COVID19: Consumer confidence plunges to new low

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COVID-19 continues to take its toll on business and consumer confidence with the monthly indicator tracked by the University of Cyprus dropping to an all-time low of 72.9 points in May.

This was due to “more negative assessments of the recent economic conditions than to worsening expectations”.

The UCY Economics Research Centre Economic Sentiment Indicator (ESI-CypERC) decreased by 4.1 points to 72.9 from 77 in April and 98.9 in March, when the impact of the coronavirus was first felt.

The decrease was driven by additional confidence losses in services and retail trade, and to a smaller extent, by a weakening of confidence in construction, the report said.

A decline in the Services Confidence Indicator resulted from firms’ less favourable views on their past business situation and past demand, while the decline in the Retail Trade Confidence Indicator was due to more negative assessments of their past sales and adverse views on stock levels.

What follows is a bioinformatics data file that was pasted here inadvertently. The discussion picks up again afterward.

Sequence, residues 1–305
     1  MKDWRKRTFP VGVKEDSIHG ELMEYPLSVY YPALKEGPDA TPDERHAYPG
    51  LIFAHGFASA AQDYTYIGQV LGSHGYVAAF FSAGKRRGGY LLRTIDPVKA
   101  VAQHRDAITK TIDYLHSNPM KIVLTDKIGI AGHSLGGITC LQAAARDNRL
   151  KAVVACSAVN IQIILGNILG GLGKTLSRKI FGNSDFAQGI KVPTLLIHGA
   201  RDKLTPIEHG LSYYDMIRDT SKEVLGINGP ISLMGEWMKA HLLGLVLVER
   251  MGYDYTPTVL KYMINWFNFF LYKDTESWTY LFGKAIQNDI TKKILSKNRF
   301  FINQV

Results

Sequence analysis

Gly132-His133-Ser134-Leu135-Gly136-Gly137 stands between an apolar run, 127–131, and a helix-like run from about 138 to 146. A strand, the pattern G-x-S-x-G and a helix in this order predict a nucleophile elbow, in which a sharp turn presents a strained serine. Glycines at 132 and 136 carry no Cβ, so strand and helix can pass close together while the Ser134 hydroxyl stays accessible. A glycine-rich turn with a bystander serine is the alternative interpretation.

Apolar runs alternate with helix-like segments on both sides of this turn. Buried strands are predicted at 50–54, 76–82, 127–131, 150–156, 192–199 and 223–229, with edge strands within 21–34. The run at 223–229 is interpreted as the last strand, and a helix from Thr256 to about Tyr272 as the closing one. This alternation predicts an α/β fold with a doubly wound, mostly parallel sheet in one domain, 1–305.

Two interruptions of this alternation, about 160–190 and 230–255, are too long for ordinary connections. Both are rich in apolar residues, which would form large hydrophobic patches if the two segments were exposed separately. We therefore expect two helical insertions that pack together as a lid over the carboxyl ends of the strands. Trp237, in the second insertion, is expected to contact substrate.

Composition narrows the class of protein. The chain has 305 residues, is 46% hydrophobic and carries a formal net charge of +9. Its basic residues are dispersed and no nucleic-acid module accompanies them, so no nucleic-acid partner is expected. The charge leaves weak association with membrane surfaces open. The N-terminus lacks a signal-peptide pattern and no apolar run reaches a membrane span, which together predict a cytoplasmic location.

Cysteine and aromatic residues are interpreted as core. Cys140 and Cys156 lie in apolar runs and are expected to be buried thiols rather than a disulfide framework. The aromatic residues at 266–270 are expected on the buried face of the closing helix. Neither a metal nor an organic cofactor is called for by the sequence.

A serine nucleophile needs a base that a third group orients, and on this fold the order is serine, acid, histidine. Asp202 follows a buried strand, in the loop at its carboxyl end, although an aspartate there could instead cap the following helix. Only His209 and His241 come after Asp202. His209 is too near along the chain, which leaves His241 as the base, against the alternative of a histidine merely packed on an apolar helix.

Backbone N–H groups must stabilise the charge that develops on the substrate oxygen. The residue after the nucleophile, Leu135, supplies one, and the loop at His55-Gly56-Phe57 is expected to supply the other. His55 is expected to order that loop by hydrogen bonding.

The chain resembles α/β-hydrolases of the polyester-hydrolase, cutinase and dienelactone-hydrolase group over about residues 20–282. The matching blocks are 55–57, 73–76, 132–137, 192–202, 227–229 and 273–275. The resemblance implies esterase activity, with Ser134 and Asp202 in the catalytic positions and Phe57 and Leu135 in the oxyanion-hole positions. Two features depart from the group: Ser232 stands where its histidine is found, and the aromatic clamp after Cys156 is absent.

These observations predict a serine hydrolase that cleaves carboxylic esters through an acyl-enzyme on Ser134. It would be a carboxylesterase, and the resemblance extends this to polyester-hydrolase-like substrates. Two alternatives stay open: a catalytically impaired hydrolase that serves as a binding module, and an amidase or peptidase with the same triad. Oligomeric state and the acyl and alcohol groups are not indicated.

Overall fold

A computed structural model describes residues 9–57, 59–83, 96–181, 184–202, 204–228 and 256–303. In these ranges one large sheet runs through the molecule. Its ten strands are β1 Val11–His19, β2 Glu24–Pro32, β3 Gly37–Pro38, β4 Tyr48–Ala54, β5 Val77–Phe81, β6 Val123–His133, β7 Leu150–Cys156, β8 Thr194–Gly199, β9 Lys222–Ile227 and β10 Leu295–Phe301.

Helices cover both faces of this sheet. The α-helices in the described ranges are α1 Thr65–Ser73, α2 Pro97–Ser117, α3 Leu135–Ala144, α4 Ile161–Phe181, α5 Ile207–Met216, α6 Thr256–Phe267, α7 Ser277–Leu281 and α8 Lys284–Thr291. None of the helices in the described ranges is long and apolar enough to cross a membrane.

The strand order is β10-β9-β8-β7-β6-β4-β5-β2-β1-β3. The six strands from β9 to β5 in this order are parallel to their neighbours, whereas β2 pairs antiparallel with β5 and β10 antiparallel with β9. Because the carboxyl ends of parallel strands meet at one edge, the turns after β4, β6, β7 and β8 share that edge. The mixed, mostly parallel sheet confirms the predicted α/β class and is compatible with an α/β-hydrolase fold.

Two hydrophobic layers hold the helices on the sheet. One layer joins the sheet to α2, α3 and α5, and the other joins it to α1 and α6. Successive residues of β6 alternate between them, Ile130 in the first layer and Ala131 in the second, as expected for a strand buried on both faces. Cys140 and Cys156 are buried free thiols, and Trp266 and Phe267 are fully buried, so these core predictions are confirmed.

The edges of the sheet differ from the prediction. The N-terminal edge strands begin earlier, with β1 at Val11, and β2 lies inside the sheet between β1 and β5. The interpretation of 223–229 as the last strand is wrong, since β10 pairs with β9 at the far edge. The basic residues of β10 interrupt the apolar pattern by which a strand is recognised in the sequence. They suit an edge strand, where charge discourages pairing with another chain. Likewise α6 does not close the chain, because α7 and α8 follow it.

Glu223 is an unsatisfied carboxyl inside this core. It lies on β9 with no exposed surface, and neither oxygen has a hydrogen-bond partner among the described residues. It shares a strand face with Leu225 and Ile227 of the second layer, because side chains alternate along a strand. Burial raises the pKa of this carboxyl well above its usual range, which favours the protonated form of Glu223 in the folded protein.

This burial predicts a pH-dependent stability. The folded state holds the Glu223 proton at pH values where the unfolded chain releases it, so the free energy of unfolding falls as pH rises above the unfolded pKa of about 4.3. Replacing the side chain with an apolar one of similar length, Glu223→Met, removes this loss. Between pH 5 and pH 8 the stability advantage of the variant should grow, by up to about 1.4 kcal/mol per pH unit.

The Construction Confidence Indicator decreased as a result of more negative assessments of the level of order books and downward revisions in employment expectations.

The Industry Confidence Indicator increased due to less adverse views on the current levels of stocks of finished products and upward revisions in production expectations.

There was a slight improvement in the Services sector for “expected employment in the next 3 months”, up 3 points from -7 in April to -4 in May.

A marginal increase in the Consumer Confidence Indicator by four points, from -33 points in April to -29 in May, was mainly driven by upward revisions in consumers’ expectations about their financial situation and economic conditions in Cyprus.

New survey data which measure economic uncertainty, show the highest levels of uncertainty in May were registered in the sectors of construction and industry.

The largest increase in the level of uncertainty compared with 2019 was recorded in the services sector.

In April, economic sentiment fell 21.9 points from March when the economy was virtually shut down as the Economic Sentiment Indicator (ESI-CypERC) suffered a historically large drop.

The UCY Economic Research Centre said sentiment declined below its long-run average, suggesting a grim outlook for economic activity in Cyprus, as a result of the coronavirus pandemic.